Tuesday, March 04, 2008

Taking the plunge

After third and forth pass edits, I printed out "Vestigial", my post-apocalyptic (with a side of hope) scifi short story. It's on its way to the Writers of the Future contest.

I am proud of this story. It pulled me out of my comfort zone and that's always a good thing for an artist of any stripe. It was also a vastly different experience than writing a novel. And it's more than just a matter of word count. If the first 5 pages are critical in a novel, than the first 5 paragraphs are even more so to the short story. There is no meandering to find the way into the story--the story is already in full swing at the first sentence.

"In media res." (into the middle of things)

The short story begins at a point where things are already happening. One of my writer friends reminded me that the short story opening needs to have the sense of inevitability--the protagonist is already tied up in the events that draw the story forward. While the opening of a novel must contain a hook of some sort to snare the reader, the writer has, at least, a little wiggle room in the novel for development. Not so in the short story.

After working on novels for much of the past 4 years, it was odd to write a complete narrative in one chunk. I keep finding myself thinking of my protagonist, Sanshi, and her world. Is that a place I could 'live' for the year or so I require to finish a novel? She is certainly a character I could love. Her world is on the brink of massive transition, so certainly there is conflict (both internal and external). If plot is what happens to characters as they deal with conflict, then I have plot aplenty.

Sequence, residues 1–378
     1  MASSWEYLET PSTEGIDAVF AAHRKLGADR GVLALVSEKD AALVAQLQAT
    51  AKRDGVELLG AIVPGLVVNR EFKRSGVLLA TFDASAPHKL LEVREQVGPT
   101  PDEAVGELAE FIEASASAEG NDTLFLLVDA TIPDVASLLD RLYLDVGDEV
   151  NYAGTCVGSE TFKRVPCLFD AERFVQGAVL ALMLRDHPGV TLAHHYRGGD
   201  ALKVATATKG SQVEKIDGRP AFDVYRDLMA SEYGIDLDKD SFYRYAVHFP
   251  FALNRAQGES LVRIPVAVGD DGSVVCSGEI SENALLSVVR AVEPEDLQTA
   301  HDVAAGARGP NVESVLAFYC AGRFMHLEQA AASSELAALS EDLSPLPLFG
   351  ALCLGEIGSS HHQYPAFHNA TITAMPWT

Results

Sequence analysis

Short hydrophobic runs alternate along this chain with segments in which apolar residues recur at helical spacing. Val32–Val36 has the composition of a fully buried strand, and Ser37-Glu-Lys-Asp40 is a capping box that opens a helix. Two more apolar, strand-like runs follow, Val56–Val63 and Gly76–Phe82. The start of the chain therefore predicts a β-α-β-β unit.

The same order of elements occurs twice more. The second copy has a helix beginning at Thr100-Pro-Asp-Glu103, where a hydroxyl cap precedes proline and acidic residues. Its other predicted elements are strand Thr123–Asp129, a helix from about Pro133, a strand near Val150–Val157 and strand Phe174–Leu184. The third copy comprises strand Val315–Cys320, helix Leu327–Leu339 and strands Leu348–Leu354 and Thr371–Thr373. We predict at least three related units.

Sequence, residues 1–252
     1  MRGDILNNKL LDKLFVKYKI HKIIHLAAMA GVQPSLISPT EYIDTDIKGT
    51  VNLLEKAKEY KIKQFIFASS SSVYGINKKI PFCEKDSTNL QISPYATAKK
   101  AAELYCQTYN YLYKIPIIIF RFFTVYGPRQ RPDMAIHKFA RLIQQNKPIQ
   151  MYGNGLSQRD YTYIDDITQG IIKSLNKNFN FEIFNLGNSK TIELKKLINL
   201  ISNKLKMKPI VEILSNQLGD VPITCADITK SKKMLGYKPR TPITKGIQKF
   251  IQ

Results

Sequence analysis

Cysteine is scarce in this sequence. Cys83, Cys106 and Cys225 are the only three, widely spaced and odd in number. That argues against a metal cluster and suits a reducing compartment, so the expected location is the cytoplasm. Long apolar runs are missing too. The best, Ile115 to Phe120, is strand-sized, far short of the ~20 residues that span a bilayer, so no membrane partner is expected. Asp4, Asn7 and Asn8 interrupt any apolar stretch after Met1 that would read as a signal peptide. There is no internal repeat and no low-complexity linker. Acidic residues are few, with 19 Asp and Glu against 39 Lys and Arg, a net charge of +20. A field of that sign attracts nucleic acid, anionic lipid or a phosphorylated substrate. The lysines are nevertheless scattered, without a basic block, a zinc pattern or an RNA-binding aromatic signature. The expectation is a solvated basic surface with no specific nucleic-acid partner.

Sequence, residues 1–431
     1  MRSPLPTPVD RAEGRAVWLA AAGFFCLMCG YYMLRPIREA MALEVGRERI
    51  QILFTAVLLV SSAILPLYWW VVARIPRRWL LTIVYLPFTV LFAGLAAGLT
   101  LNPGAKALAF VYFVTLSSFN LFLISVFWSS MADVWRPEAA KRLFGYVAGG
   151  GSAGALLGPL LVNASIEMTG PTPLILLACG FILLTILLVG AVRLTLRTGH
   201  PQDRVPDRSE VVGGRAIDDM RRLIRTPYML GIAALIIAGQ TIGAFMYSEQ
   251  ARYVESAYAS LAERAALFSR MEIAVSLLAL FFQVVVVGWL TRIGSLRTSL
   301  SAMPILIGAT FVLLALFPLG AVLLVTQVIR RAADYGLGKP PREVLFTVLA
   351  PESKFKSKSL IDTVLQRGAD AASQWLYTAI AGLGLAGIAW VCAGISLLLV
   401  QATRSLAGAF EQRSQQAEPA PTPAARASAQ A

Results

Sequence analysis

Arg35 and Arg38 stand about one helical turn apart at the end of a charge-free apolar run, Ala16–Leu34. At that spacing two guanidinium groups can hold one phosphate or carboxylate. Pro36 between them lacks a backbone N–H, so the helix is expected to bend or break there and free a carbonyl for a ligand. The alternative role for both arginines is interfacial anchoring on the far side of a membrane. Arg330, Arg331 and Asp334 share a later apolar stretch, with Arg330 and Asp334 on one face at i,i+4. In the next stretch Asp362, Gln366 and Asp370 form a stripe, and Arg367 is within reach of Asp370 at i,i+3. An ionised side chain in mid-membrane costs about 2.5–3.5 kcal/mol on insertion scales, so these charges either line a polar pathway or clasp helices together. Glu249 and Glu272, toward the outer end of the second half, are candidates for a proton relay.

For now, I will let the world in "Vestigial" remain complete in its short story. I have to finish "Heal Thyself" and then decide between the YA or Adult urban fantasy stories that are competing for my head space.

I have 3-4 months before the next quarterly contest for Writers of the Future and I'm committed to have something to submit each quarter this year. I have a few ideas, including a re-write and extension of my *very* short selkie story. Then there is the peddler/tinker cursed with immortality. He emerged from a writing prompt at my tuesday morning library writer's group and I think he wants his story written.

1 comment:

  1. Interest in short stories
    is increasing. That is good.

    Terry Finley